DDR3 from here forward
Yes, Intel has gone DDR3 only with Core i7 - there will be no DDR2 support included in any product, so it's upgrades all round. Given the price of DDR2 has been "stock market" low for well over a year now, we expect the memory companies to retain DDR3 at a reasonable price elevation as they anticipate new demand from Core i7.
Nehalem uses triple-channel DDR3 so expect to see at least three memory slots, but more likely six, on X58 motherboards from here on out. Populating all three channels isn't necessary - the memory controller can still work in single and dual channel modes, albeit obviously at reduced bandwidth.
What's more, Intel allows any mixture of DIMMs to be used in the channels and the memory controller is smart enough to logically reorder itself into the most efficient operating parameters. However it is under the condition that slot 0 much be populated before slot 1 - these will usually be clearly identified by colour.
Intel rates its memory controller to work at just 800MHz or 1,066MHz - that's a little low by current standards that currently push the boundaries of 2,000MHz on some boards. Intel is almost "relaunching" DDR3 as it attempts to rein in the large overvoltages currently being used to achieve the super high MHz up until now. By using lower voltages, it can control the power consumption of the system better and it also duly compensates for the MHz difference with far more efficient access - essentially halving the latency.
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While we were fearful about the memory overclockability of Core i7 CPUs we've found this not to be the case - we've hit 1,600MHz without even breaking a sweat on pre-production BIOSes and companies are already launching triple channel memory kits that are hitting 2,000MHz at a record low 1.65V. You can
push the memory voltage, but Intel performance guru François Piednoel was keen to stress that the CPU voltage must be kept within a 0.5V potential difference to memory.
With CPU stock voltages at sub 1.2V this only allows an upper safe maximum of ~1.65-1.7V, however increase the CPU voltage to 1.4 or 1.5 (or more) with some extreme cooling (remember these CPUs are rated at a 130W TDP
at ~1.2V) and you give yourself more breathing room to 1.9-2.0V on the memory.
That's not to say that exceeding the 0.5V rule will instantly kill a CPU, but it's like the effect of excessive VTT or PLL voltages to current Penryn CPUs - don't be surprised if they die without warning much sooner than you expect. By that rationale, AMD's Athlon 64s suffered the same fate with DDR2, but the effect was often exacerbated because the initial voltage difference was that much greater to begin with and greatly overvolting the memory to 2.3+V made it that much worse.
On the positive side though - if you consider that 1,066MHz triple channel DDR3 gives you 30 percent more bandwidth than 1,600MHz dual channel DDR3 on Penryn, imagine what kind of memory performance you get from very low latency, 1,600+MHz triple channel DDR3 on Nehalem? In a word, unparalleled
Voltage Regulator Down 11.1 and Power Control
Intel continually updates its VRD specifications and VRD11.1 was
introduced to a limited number of Core 2 CPUs with the latest E0 stepping and a few existing LGA775 motherboards already support this. For all Core i7 processors and motherboards, it's now standard.
This enables more low power states like C3 and C6 in addition to the usual C1. These states are already available on mobile Merom CPUs, but for the first time are being fully transplanted to desktop CPUs. Here's a brief detail about what each state does:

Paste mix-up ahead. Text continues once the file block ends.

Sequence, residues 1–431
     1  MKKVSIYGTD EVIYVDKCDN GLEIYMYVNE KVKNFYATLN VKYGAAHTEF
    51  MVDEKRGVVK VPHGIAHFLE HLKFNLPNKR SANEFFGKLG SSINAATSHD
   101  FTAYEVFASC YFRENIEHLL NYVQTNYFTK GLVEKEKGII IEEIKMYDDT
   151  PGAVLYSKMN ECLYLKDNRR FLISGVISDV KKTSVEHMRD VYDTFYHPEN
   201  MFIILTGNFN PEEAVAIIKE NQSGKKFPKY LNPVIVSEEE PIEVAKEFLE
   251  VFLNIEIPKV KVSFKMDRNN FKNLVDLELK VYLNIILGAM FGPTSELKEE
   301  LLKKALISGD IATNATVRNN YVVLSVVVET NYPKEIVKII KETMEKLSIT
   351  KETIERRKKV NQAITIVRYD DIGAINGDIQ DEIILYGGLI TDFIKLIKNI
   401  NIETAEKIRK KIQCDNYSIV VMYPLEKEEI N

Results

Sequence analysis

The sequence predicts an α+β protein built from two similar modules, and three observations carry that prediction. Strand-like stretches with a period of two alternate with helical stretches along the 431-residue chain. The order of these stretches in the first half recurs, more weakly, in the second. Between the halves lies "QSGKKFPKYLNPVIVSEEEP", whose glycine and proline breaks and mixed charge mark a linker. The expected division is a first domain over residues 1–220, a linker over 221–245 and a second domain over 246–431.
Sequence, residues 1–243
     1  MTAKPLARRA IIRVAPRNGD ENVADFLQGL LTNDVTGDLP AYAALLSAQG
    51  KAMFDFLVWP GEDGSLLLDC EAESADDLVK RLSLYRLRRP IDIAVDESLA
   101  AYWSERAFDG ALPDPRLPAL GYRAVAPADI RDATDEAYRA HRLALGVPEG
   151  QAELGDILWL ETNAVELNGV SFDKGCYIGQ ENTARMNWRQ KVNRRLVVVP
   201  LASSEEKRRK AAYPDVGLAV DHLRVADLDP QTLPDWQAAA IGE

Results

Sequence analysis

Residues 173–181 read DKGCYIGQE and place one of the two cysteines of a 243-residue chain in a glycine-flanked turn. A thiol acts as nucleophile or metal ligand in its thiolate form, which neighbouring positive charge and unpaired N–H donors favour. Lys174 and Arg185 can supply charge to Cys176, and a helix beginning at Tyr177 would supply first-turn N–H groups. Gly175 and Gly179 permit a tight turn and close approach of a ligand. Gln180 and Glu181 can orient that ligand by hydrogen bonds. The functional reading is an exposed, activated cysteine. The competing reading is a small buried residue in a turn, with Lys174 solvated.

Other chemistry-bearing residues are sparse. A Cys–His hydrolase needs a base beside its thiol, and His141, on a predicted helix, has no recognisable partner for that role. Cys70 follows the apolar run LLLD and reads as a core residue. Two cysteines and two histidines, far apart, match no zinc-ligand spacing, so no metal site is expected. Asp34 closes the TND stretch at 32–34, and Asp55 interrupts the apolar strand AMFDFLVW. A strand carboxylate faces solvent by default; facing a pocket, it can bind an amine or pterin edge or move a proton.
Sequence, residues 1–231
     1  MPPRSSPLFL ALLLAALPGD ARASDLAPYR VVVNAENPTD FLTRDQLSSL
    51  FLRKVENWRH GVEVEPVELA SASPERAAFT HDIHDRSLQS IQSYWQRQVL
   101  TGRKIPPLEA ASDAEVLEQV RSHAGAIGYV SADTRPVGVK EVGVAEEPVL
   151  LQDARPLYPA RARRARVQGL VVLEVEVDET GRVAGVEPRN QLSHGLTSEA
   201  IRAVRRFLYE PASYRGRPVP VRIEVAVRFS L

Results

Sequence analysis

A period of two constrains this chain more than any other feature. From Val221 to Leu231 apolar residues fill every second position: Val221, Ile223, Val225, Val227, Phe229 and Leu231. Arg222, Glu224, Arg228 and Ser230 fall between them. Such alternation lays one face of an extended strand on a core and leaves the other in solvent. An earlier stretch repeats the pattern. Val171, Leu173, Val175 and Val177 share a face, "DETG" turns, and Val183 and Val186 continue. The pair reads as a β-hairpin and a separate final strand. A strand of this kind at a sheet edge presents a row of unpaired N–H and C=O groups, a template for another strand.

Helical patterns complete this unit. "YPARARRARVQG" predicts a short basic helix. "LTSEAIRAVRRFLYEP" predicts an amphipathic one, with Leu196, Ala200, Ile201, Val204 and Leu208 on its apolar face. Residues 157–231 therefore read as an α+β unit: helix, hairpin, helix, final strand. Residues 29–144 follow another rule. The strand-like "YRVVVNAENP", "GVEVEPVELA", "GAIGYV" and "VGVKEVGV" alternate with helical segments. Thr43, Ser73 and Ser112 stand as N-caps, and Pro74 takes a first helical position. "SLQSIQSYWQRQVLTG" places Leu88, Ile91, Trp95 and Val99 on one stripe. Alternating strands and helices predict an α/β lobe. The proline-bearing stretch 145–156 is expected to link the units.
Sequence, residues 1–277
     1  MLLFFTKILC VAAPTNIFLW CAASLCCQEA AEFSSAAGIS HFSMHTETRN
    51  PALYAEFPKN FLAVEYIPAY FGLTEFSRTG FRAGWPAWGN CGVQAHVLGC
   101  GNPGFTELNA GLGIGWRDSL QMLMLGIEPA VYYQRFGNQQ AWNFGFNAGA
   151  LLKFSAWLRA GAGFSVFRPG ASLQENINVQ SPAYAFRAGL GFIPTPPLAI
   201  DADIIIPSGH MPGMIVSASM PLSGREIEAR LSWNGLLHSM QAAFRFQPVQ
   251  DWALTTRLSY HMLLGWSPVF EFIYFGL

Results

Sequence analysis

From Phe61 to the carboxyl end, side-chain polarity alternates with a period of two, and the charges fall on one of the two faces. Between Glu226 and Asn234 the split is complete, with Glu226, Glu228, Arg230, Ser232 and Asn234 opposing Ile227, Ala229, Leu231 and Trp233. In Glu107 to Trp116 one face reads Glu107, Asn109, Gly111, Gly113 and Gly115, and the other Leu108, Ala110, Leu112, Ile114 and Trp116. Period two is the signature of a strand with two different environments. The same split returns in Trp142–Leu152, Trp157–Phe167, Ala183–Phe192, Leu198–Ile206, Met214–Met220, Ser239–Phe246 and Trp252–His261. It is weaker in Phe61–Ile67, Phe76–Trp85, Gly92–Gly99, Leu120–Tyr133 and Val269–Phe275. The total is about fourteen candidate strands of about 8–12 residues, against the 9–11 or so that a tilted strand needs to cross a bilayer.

- C0 is the active state in which everything is running at full capacity.
- C1 has the core clock turned off, as well as a slightly reduced core voltage. However the motherboard power lines are kept alive and the data cache is kept intact. This means that the performance isn’t compromised and the wake-up time is extremely fast - the C1E state is what currently features on all Core 2 CPUs.
- C3 has the same core voltage drop as the C1 state, but now turns off the PLLs and flushes the L1 and L2 cache, switching it off and losing the data. The consequence of turning more off is a longer wake-up time, but Intel’s chart shows not a huge drop in idle power, unlike C0 to C1.
- C6, the final power down state, is an almost complete shutdown of the CPU. There is a significant drop in core voltage and everything is now switched off except the L3 cache. The obvious downside to this state is that the resume time will be greater, but the power saving is huge.
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While Intel includes a Clock Gate
that shuts of switching power to idle logic when not in use in all its current CPUs, with Nehalem it's gone one further with a Power Gate
. This is new, proprietary microcontroller unit that shuts off both switching power and leakage power and allows core independent power states rather than die-level power states that was previously limiting Intel CPUs.
By shifting the control from external hardware to embedded firmware it allows uniform control no matter what motherboard is bought, more finesse in power control and it's completely invisible to software so it doesn't use system resources. Having said that, some settings can be turned off in the motherboard BIOS (should it be made available).
Tying in real time temperature and current/power monitoring to resource use enables the processor to manipulate its idle states according to whether a thread needs a resource or not. Intel claims that because the PCU also monitors the interrupt rate and recognises that some workloads that use low CPU utilisation still need performance, the processor will use a lower C-State to ensure that resources don't take too long to kick in when required.